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Creating a succession plan

Creating a succession plan
Randy Sparks and his daughter, India, check cattle in their hoop barn at their farm near Panora in Guthrie County. Sparks recently began calving inside the hoop barn as a way reduce stress on cows and calves and to improve performance.

Creating a farm succession plan is an emotionally charged and complex task. But it’s essential in ensuring that a family’s farm gets passed successfully to its intended heirs.

The Iowa Farm Bureau’s Take Root program helps farm families get their plan in place.

“We provide a starting point for farm families,” says Amanda Van Steenwyk, farm business development manager at the Iowa Farm Bureau Federation. “What’s unique about a farm succession plan versus other business succession plans is that it’s a family farm. Not only are you dealing with the business aspect, but you’re also dealing with the family aspect.”

Take Root provides strategies and resources to help improve family communication, assist in navigating through the emotional obstacles and identify the business and estate planning tools that correspond with transferring the family farm to the next generation, Van Steenwyk says.

Since the program’s inception in 2013, more than 5,000 members have participated in Take Root workshops held throughout the state.

Workshops are a series of two, three-hour sessions designed to go more in-depth with farm families designing their succession plans.

Workshops planned

On Jan. 10 and Jan. 29, Take Root workshops will be held in Stanhope. Take Root workshops will be held in Spencer on Jan. 17 and Feb. 28. On Jan. 24 and Feb. 21, workshops will be held in Burlington. The workshops, which include a meal, are a member benefit for Iowa Farm Bureau members. Non-members are welcome to attend for $55 per family.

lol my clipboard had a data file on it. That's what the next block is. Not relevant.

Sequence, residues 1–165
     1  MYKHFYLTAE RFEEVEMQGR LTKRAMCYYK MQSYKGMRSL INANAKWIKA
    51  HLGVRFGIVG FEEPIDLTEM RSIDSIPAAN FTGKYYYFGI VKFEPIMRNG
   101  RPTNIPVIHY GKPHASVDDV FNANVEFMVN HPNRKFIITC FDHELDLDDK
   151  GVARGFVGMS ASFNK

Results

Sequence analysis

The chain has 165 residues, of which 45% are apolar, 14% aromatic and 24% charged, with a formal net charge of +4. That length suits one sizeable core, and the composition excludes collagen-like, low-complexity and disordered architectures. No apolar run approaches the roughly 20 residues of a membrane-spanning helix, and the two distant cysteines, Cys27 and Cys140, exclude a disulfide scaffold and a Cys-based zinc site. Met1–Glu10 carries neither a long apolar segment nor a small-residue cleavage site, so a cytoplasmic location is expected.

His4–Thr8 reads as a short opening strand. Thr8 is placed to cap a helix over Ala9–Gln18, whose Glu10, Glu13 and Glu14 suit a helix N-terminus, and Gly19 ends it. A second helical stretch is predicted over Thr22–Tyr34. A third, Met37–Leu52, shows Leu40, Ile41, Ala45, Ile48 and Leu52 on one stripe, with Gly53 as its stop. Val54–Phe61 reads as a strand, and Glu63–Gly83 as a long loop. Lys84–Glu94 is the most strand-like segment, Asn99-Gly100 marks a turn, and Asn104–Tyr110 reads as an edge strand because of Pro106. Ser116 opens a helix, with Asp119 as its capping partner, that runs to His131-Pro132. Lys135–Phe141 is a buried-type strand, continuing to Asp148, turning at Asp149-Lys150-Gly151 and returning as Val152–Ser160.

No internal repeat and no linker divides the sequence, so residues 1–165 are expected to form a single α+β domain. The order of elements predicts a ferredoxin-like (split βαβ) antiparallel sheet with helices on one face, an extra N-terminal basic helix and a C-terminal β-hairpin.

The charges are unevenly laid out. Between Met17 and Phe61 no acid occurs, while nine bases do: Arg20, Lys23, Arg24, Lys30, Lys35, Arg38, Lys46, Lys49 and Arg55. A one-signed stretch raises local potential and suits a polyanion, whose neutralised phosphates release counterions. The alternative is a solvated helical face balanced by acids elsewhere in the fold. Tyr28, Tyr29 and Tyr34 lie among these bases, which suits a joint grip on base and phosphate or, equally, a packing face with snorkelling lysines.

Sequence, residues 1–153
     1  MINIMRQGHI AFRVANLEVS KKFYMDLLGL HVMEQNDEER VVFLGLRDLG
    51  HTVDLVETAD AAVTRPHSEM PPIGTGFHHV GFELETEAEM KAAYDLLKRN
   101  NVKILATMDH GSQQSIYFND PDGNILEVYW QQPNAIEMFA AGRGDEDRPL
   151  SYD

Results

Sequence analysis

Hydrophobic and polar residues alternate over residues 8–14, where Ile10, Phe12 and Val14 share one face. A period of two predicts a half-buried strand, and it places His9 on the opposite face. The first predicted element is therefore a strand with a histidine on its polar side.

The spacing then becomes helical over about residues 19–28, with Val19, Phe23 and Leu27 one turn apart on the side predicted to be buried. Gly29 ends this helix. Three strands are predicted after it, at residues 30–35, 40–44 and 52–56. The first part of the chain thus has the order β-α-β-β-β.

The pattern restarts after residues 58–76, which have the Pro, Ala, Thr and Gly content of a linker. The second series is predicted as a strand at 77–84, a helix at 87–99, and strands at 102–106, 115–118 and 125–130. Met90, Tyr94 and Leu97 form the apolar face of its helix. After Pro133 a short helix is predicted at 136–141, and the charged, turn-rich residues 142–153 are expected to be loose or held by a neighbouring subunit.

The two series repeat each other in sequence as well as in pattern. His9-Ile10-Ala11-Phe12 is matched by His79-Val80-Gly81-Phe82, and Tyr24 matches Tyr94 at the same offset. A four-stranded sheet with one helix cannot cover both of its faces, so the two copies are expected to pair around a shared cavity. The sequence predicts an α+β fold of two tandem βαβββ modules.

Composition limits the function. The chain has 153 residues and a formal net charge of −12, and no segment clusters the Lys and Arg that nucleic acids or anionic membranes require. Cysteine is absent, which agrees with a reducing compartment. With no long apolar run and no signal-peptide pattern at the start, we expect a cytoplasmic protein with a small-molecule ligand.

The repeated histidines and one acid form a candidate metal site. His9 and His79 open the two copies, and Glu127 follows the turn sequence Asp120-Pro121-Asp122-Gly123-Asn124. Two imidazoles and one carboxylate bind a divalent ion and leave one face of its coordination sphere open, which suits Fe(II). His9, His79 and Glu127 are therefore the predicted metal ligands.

The first workshop introduces farm families to the process and looks at things like goal-setting, estate planning, family communication and business issues.

“The main goal is to get families talking,” Van Steenwyk says. “Succession planning is often something that gets pushed to the back burners, but we really want to provide families information and resources to be able to initiate, implement or better a plan — no matter where they’re at in their succession plan.”

The second day of the workshop focuses on building a farm succession team. During this session, farm families can interact with a panel of farm business advisors for issues including estate, tax and financial planning, leases and tenant qualities and beginning farmer opportunities.

Van Steenwyk encourages farm stakeholders and their families to be part of the Take Root workshops. “Who better to decide what happens to your farm than you? Get everything in writing, get it on paper, use the right advisors to get everything in place, because it’s your farm, it should be your plan,” she says.

For a complete agenda and details on how to register for the workshops, go to www.iowafarmbureau.com/Take-Root/Workshops.



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